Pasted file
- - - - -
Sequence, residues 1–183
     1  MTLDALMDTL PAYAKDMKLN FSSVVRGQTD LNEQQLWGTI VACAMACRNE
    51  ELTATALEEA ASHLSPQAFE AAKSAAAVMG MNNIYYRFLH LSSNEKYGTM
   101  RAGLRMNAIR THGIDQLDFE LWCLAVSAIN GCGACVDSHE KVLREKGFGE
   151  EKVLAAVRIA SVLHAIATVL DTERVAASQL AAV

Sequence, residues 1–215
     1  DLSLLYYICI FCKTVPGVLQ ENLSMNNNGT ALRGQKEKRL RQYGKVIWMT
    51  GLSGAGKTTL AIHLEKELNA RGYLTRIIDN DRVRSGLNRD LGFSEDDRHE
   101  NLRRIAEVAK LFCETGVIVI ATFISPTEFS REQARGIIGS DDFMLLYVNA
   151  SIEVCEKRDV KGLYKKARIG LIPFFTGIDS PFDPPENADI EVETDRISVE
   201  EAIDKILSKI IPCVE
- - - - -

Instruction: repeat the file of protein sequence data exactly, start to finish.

Sequence, residues 1–183
     1  MTLDALMDTL PAYAKDMKLN FSSVVRGQTD LNEQQLWGTI VACAMACRNE
    51  ELTATALEEA ASHLSPQAFE AAKSAAAVMG MNNIYYRFLH LSSNEKYGTM
   101  RAGLRMNAIR THGIDQLDFE LWCLAVSAIN GCGACVDSHE KVLREKGFGE
   151  EKVLAAVRIA SVLHAIATVL DTERVAASQL AAV

Sequence, residues 1–215
     1  DLSLLYYICI FCKTVPGVLQ ENLSMNNNGT ALRGQKEKRL RQYGKVIWMT
    51  GLSGAGKTTL AIHLEKELNA RGYLTRIIDN DRVRSGLNRD LGFSEDDRHE
   101  NLRRIAEVAK LFCETGVIVI ATFISPTEFS REQARGIIGS DDFMLLYVNA
   151  SIEVCEKRDV KGLYKKARIG LIPFFTGIDS PFDPPENADI EVETDRISVE
   201  EAIDKILSKI IPCVE